Journalists Can Be Nearly as Prone to PTSD as Combat Vets

Recent studies show that war correspondents and photojournalists covering combat may have five times the normal rate of PTSD. Some national and international news organizations are now offering counseling to employees who are having trouble processing what they've seen on the job.

Foundation Helps Vets "Dress for Success" in Job Interviews

Kewon Potts, a Navy veteran, was one of 25-plus vets being given new suits, dress shirts and ties this month to wear to job interviews. The Save-a-Suit foundation and its founder, Scott Sokolowski, believe it's important to dress for success because it improves the interviewer's critical first impression and builds the vets' confidence.

How Hurricane Katrina Affected One Journalist's Life

My friend and colleague Charlotte Porter finally has written about how devastated she was after living through Hurricane Katrina in Louisiana. It's a reminder that journalists are humans who are affected by natural disasters. News organizations need to provide counseling, as needed, for their war correspondents and journalists covering natural disasters.

Agri-therapy Helps Vets With PTSD

Retired Army Staff Sgt. Eric Grandon still suffers from PTSD, but he's finding that farming keeps him focused. His goal is to use his farm to help other vets find peace after coming home from war.

Prescription Drugs Helped Re-boot My System

From personal experience, I'm learning that prescription drugs can be useful in the short term to allow the body to re-boot itself. And I suspect the same may be true for those suffering from PTSD.

New Research Tools to Test Brain Injury

Scientists at UCLA have been studying the brains of retired football players to determine what types of brain damage are caused by repeated concussions, and new technologies are allowing them to examine living brains. The next step will involve combat vets to see how they differ from NFL players and from Alzheimer's victims.

VA Emails Discuss How to Handle "Problem" Vet

Ever wonder what the VA is saying behind your back? Charles Gatlin did. So he and his wife requested—and received—hundreds of pages of emails that testify to a growing rift between a vet and the agency designated to serve him.

Vet Wins Partial Victory on TBI Rating Challenge

A VA appeals panel has ordered a full neuropsychological workup for a former Army captain, Charles Gatlin, who challenged his TBI disability rating on the grounds that the VA's RBANS screening test wasn't capable of measuring the brain injury he suffered from a car bomb in Iraq. It's a ruling with implications for all vets, but the VA says its policy won't change.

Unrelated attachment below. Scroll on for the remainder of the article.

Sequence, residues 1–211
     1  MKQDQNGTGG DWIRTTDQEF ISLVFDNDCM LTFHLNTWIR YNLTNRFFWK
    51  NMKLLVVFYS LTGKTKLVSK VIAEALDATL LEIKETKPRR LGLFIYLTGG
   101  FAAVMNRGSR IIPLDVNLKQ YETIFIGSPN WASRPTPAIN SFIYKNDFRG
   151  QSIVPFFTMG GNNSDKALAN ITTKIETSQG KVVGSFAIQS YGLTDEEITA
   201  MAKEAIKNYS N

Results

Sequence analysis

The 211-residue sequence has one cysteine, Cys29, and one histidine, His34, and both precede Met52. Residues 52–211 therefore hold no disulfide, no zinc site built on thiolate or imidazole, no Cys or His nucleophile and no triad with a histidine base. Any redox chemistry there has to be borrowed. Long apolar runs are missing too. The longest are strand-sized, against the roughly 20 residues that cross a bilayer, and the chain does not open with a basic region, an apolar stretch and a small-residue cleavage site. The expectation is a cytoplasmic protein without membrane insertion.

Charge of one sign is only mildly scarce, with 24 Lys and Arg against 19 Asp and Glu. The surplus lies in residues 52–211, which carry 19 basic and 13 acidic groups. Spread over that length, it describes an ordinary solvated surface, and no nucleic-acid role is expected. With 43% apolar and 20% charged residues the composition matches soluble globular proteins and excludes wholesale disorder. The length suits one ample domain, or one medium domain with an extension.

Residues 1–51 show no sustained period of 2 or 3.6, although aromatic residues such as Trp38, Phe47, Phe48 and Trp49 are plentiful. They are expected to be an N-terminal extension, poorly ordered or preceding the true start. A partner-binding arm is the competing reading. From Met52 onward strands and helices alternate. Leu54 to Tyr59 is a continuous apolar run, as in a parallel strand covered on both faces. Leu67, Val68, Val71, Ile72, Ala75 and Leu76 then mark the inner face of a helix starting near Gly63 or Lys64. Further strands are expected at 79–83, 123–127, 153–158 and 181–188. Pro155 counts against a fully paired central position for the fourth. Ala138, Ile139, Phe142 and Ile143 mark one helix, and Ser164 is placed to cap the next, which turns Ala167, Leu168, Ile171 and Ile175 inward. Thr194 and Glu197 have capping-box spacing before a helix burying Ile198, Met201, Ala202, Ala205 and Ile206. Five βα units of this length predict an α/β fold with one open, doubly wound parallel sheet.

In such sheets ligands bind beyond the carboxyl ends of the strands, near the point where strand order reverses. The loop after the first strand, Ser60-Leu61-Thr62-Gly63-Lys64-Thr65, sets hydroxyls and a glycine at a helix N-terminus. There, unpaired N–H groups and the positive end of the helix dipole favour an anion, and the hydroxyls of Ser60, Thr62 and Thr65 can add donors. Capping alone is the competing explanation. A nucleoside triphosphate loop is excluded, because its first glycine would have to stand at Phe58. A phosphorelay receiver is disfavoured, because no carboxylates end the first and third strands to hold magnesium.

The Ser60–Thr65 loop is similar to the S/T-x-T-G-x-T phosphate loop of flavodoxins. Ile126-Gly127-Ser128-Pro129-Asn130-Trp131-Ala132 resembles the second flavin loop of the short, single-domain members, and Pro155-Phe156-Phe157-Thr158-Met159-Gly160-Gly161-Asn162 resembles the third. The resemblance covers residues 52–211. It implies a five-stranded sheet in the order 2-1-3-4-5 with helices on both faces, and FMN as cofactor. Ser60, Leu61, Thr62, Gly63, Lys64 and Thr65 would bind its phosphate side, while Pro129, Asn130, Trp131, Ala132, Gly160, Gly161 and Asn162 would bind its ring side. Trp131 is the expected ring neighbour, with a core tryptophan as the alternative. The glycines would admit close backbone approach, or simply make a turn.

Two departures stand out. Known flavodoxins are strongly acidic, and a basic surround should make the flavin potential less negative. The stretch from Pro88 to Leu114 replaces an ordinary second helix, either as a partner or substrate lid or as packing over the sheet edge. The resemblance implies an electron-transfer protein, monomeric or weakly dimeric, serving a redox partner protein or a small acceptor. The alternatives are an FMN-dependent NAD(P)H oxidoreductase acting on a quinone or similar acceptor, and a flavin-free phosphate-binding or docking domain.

Tai Chi in the VA

Dr. Roger Jahnke has been training instructors throughout the VA in a version of the ancient Asian discipline that he calls Tai Chi Easy. It accommodates all vets, including the disabled, by allowing them to practice it standing, sitting or lying down. Tai Chi promotes relaxation by adjusting body movements, slowing breathing and focusing the mind on the moment.

Veterans Facing the End

Kandyce Powell and her colleagues at the Maine State Prison have put together a remarkable program to help incarcerated vets dump their emotional baggage in their waning days. It validates vets who have been unable to discuss what they did to others in combat. But helping their fellow inmates also turns out to be hugely therapeutic for the inmate hospice volunteers.

He Had Everything to Live for, But...

Alcohol is so powerful that it can lead people down a lonely path to death. Our son-in-law had everything to live for, but chose that lonely path instead. So I've been asking myself why some people choose to snatch defeat from the very jaws of victory. And I'm sorry to say that I don't have a very good answer.

VA to State Regulators: Buzz Off

Former Army Capt. Charles Gatlin and his wife, Ariana Del Negro, have been battling the VA over what they believe to be an arbitrary change in his evaluation for traumatic brain injury. A state licensing board agreed with them two months ago and directed the state-licensed psychologist working for the VA to change his assessment. He did, but the VA refused his change.

PTSD: Post-Terror Soul Distress

At 14 years old, Jack van Vuuren strangled a Nazi soldier, then fled occupied Holland to join the Allied Forces during WWII. But he suffered from untreated PTSD all his adult life. Now his daughter, Karen van Vuuren, explores spiritual injuries post-combat in a new documentary film. She says that PTSD can't be healed without forgiveness and atonement.

State Imposes Its Standards on VA

Former Army Capt. Charles Gatlin has set a precedent with national implications for all vets. A state licensing board in Montana ruled that a psychologist working for the VA had to practice using state standards, not the VA's. It said the psychologist evaluating Gatlin for TBI was not qualified to do so and it directed the VA to have him reassessed by a neurologist.

Why Exercise Is Good Therapy

Two neurologists from Columbia University are finding that new cells in the brain's memory center are critical in helping people distinguish a newer innocuous event from a past traumatic one. Without those new neurons, there's a higher anxiety rate or post-traumatic stress disorder. But exercise helps generate greater production of new brain cells.

Therapy for PTSD in a Kayak